• heat recovery;
  • energy efficiency;
  • Rankine cycle;
  • CHP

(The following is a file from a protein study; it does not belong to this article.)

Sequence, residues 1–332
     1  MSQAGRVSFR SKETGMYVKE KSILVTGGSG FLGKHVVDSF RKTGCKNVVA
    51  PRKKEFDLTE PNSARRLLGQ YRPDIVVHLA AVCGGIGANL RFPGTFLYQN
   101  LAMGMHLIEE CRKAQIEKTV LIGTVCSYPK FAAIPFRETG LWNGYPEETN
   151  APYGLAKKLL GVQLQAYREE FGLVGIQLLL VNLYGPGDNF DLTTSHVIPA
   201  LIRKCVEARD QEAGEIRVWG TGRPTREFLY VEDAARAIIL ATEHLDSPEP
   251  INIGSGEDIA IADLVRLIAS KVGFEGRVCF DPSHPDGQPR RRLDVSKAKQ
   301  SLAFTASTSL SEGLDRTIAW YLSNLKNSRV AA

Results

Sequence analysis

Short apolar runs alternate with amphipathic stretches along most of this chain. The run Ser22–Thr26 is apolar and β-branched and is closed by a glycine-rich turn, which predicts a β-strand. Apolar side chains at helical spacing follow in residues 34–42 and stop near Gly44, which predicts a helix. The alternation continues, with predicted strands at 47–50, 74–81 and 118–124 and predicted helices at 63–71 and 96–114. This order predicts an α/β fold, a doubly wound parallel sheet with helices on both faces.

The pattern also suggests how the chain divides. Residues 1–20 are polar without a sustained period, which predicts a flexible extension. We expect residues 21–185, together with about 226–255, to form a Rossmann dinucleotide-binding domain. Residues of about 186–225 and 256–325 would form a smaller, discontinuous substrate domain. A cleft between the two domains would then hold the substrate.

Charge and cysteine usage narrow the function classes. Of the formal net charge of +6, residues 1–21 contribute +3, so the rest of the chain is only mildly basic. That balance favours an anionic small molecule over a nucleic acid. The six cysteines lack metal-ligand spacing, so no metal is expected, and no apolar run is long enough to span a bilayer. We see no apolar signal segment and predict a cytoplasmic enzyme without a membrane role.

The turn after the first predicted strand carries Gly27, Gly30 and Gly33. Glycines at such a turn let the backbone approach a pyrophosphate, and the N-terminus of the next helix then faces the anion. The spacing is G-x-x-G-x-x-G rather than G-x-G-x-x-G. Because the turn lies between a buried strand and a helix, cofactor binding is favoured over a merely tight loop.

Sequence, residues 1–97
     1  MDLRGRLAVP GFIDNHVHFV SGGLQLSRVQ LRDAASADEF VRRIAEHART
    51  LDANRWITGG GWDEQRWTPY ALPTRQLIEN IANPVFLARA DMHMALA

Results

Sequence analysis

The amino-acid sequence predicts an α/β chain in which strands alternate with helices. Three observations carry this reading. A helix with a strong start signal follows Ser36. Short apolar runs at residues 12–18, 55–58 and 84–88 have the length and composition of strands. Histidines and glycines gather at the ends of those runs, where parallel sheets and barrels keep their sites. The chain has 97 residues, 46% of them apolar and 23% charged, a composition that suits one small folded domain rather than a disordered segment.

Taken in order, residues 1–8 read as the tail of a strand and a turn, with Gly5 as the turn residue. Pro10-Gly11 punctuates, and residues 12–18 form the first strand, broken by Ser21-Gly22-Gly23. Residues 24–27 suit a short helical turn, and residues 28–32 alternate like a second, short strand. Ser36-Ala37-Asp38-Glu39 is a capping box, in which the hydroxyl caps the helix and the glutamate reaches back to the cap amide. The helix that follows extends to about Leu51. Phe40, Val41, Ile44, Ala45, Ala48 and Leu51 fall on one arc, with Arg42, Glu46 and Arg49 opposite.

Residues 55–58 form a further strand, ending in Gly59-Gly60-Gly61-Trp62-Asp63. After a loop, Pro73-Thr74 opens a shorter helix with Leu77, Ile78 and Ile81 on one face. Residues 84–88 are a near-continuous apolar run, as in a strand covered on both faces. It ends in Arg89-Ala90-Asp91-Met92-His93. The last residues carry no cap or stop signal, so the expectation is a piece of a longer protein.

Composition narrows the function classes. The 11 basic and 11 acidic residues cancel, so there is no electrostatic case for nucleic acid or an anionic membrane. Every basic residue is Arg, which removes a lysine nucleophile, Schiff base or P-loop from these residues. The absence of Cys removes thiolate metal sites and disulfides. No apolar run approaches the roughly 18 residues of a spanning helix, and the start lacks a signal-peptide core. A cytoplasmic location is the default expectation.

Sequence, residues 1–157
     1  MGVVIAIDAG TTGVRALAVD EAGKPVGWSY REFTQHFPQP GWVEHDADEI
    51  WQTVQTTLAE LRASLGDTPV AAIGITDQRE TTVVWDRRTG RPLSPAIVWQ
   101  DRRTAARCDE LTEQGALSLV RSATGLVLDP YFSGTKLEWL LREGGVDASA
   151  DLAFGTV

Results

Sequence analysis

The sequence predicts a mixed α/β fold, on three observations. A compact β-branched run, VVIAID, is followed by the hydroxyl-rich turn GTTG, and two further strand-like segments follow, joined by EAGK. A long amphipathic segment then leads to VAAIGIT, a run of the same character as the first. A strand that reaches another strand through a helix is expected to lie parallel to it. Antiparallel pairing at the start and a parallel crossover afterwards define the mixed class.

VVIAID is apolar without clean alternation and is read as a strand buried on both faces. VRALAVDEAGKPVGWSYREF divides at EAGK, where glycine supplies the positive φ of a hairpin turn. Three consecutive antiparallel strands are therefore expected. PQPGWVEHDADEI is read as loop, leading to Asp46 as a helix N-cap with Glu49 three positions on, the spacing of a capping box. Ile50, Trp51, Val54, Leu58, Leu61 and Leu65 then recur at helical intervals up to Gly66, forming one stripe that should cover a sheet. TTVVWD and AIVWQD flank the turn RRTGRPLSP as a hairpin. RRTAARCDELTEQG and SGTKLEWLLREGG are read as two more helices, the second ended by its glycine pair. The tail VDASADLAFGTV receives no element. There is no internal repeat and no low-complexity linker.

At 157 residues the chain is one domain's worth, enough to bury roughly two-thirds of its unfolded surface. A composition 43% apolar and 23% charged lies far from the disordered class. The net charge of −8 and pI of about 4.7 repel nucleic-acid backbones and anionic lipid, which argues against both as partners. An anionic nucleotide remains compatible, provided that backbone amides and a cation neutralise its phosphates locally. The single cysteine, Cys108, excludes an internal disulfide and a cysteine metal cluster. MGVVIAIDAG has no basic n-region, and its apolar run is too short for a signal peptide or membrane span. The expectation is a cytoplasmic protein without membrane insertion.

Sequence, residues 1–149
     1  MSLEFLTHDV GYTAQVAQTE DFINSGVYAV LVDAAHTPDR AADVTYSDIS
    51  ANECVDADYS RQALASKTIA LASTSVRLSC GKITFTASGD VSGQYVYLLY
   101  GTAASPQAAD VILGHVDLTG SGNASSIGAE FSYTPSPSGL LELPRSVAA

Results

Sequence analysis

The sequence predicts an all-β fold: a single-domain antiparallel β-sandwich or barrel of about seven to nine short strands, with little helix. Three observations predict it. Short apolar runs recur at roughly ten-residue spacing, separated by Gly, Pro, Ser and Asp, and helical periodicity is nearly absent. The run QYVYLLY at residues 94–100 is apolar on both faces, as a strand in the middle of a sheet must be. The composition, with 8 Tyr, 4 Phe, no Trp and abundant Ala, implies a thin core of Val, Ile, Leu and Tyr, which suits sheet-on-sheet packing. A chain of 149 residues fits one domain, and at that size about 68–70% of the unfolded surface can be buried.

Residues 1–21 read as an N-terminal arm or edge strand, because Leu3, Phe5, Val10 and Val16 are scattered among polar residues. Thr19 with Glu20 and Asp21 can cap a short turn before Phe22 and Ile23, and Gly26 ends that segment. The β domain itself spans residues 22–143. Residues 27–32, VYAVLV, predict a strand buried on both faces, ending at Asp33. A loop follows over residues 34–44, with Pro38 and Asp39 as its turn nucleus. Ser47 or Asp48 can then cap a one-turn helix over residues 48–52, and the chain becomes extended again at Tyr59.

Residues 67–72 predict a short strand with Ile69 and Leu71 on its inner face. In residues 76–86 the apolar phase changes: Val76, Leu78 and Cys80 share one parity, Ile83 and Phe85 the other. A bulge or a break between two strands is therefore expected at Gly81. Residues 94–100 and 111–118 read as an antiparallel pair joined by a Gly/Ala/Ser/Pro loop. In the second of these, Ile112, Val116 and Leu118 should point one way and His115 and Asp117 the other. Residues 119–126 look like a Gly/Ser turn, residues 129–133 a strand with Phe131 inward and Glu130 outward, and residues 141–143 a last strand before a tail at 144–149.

Conversion of low-grade heat to high-quality energy such as electricity using the Rankine cycle poses serious challenges. When such conversion is possible, it is invariably expensive or unacceptable due to environmental concerns associated with the working medium. The low-grade heat can either be from exhaust systems or from solar radiation. Thus, the topic addresses a very useful subject, combining energy efficiency and renewable energy. Although high-grade heat recovery and energy conversion is a mature technology widely covered by the literature, low-grade energy conversion, especially using thermodynamic cycles, has not been sufficiently addressed to date. This paper addresses the feasibility of a low-grade heat-driven Rankine cycle to produce power using a scroll expander, a low toxicity, low flammability, and ozone-neutral working fluid. A cost benefit analysis of the recommended system shows that it is a viable option for solar power generation, at about one-third the cost of a comparable photovoltaic system. Copyright © 2008 John Wiley & Sons, Ltd.